Artist and creative community builder

How often do you think about building community?
‘I think about it all the time. My work, art practice, and day-to-day are centered around community, building community, and bringing people together through community. I’m conscious and mindful of what that looks like and what that is.’

How do you define community?
‘It’s a tricky term because I often think about it as being around like-minded people. I believe community is an appreciation for the people and things around you. I think we can have differences in identities and perspectives. Still, I think it’s an appreciation and respect for one another – it’s the foundation for a strong community.’ 

How do you identify on the LGBTQIA+ spectrum?
‘I identify as queer – it’s a broader term. I am a gay man, but I tend to gravitate towards queer terminology and [to] the queer community. Part of me feels like it’s a bit more “alt” and it seems to be something that I’m surrounded by a little bit more.’

Do you ever think about the impact that you make on your community, but also the impact you’re making on future generations? 
‘Yes. I work with a lot of younger artists, but also folks that are a lot older than me. Trying to be comfortable with who I am and represent authentically feels significant to me. I remember when I was getting my first handful of tattoos, and they were pretty visible; people would ask if I was afraid of being able to get jobs and that’s never really crossed my mind. Because I never want to be in a position where I have to hide who I am or something about me. I am always conscious of that when working and interacting with younger and older generations.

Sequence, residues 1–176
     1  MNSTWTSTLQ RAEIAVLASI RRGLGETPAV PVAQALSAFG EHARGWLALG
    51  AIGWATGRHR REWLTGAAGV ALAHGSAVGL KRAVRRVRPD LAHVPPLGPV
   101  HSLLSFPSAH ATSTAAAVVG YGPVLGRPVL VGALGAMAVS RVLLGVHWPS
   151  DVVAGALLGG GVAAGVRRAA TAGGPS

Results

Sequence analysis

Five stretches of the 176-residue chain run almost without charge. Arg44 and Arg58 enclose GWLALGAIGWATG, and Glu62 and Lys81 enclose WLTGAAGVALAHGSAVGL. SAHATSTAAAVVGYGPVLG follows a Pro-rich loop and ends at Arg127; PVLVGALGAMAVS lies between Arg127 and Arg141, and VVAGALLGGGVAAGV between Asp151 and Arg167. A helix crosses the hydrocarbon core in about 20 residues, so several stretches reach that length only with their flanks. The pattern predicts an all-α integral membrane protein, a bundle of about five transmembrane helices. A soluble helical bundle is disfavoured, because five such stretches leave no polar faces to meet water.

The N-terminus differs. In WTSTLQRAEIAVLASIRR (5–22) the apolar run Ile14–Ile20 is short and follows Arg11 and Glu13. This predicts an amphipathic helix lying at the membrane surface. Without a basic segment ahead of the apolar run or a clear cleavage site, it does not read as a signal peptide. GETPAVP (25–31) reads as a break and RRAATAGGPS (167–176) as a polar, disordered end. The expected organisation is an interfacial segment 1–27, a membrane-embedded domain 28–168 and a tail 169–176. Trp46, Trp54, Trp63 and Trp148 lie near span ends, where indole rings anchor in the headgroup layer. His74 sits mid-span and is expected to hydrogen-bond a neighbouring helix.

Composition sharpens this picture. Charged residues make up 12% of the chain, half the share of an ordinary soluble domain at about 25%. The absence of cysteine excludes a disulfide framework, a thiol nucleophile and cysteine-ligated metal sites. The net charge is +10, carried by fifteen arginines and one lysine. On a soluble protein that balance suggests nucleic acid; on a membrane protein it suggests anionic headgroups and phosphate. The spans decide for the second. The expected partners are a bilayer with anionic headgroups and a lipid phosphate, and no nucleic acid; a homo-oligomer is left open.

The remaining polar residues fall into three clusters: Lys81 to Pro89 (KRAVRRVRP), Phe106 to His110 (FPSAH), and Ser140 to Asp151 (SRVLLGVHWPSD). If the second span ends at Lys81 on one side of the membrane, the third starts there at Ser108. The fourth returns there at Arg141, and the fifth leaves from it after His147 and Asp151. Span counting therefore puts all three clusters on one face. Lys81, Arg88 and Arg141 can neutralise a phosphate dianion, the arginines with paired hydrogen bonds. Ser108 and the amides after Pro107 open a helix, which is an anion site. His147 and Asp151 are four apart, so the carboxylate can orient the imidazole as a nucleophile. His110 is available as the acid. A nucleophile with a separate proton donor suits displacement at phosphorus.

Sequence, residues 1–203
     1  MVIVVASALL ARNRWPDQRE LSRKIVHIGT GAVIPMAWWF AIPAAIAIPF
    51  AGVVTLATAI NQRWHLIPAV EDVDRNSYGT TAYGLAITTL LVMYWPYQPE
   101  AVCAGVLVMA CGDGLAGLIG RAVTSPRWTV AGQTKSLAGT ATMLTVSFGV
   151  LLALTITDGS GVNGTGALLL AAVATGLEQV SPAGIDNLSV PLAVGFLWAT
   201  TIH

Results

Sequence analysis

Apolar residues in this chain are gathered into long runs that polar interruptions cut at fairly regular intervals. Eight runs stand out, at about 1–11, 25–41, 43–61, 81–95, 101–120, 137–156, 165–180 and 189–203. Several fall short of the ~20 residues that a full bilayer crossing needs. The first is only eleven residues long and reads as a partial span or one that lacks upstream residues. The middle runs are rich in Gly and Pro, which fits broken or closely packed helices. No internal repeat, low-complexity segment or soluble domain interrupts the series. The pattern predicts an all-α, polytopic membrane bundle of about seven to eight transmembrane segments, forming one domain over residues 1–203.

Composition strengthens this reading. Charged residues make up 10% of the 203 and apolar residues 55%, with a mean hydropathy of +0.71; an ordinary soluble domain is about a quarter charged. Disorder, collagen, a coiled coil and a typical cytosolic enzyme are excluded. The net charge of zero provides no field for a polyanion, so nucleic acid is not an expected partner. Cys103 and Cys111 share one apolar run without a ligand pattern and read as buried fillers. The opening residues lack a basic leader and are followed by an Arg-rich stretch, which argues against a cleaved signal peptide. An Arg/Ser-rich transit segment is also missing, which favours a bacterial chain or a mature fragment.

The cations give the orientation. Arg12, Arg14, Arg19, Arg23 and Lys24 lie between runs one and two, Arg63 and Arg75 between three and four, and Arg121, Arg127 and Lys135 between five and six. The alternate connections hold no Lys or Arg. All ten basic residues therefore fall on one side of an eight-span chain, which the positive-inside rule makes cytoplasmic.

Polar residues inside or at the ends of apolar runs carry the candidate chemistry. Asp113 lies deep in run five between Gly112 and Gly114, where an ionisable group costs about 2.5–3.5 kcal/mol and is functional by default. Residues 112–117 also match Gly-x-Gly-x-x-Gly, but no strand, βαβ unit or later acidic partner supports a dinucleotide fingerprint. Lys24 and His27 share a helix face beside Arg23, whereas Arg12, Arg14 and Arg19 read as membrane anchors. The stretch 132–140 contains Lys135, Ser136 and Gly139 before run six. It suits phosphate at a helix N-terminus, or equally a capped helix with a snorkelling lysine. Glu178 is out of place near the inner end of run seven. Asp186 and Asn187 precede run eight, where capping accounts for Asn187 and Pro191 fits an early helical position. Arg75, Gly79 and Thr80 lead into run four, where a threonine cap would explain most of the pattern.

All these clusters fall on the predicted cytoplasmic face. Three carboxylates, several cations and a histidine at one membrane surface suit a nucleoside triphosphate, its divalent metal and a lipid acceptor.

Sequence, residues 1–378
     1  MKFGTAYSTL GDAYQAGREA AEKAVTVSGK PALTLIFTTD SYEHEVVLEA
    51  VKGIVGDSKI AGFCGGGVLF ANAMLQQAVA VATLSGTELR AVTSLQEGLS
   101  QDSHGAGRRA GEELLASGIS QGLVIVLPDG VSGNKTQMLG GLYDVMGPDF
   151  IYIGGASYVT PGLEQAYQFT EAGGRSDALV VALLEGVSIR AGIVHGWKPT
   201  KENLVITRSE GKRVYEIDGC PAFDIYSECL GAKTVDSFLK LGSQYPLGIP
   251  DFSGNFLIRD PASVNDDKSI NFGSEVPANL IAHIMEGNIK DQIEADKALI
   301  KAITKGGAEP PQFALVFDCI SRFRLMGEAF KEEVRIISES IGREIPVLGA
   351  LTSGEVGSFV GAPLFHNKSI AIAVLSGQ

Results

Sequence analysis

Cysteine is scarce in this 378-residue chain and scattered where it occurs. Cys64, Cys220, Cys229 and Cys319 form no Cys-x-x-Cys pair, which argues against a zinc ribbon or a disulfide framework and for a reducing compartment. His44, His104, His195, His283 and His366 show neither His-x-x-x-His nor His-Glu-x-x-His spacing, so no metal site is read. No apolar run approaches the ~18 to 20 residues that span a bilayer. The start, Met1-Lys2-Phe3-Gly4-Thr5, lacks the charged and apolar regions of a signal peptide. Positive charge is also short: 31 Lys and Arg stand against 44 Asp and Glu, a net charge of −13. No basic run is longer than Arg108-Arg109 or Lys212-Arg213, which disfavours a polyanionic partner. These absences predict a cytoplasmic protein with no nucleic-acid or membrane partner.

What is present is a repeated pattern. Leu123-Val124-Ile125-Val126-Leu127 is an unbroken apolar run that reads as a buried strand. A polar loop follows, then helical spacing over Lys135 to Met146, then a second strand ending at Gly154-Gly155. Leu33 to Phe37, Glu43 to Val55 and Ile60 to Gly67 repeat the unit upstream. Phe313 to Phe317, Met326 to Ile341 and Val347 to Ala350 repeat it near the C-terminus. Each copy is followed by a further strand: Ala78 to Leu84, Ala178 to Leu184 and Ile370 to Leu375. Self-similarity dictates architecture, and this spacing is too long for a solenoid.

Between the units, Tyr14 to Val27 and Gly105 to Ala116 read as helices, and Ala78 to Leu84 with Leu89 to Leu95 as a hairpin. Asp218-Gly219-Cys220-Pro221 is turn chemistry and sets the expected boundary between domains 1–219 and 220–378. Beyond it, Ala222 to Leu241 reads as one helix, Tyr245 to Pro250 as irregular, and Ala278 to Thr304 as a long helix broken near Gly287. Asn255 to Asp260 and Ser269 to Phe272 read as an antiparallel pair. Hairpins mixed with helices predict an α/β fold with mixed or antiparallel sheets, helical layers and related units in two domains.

‘I want to show that we can be comfortable and show who we are, and not have to do something or not do something because of somebody’s judgment. I think it is essential to be who I want to be for myself and others.’ 

How do you define happiness?
‘This is a tricky one. Pride is a big part of happiness and being able to be proud of the things you’ve done or are doing. I always like to think about the future and what’s coming next, and it can be hard to think about happiness in that sense. Everyone has different ideas of happiness, but I think it stems from the idea of being proud of where you are in the moment.’

Three stories of Pride and community from Felton Edward Kizer | Soho House

Ryan Meyers
Marketer and Culinary Expert 

How often do you think about your identity?
‘I would say that historically, growing up, I thought about it all the time. As I became more open and loved myself more, it became something I thought about less. It’s something I think about and am proud of, but it’s nothing that keeps me up at night.’

Beautiful. And how do you define Pride?

‘Pride is celebrating who you are and how far you’ve come. And it’s a moment to celebrate how far we’ve come. But also, a moment to reflect on how far we have to go.’ 

What do you want people to know about you?
‘How much I care about others. And I wear my heart on my sleeve. And I try to tell and show [the] people around me how much I love them. Sometimes I get caught up in my head, but I want to make sure that everybody around me knows how much I love and embrace them for exactly who they are – I want others to know that that’s how I feel about them.’

Who were you 10 years ago?
‘A lot of people don’t know this, but I was a D1 athlete. I played football at the University of Michigan. But I was graduating college and moving out to Chicago. It was when I first truly started embracing my sexuality and opening up about it. It was a time when I was exploring – figuring out what I wanted [and] what I liked and didn’t like. You never know what you want until you know what you don’t want. And that was a really big time for that.’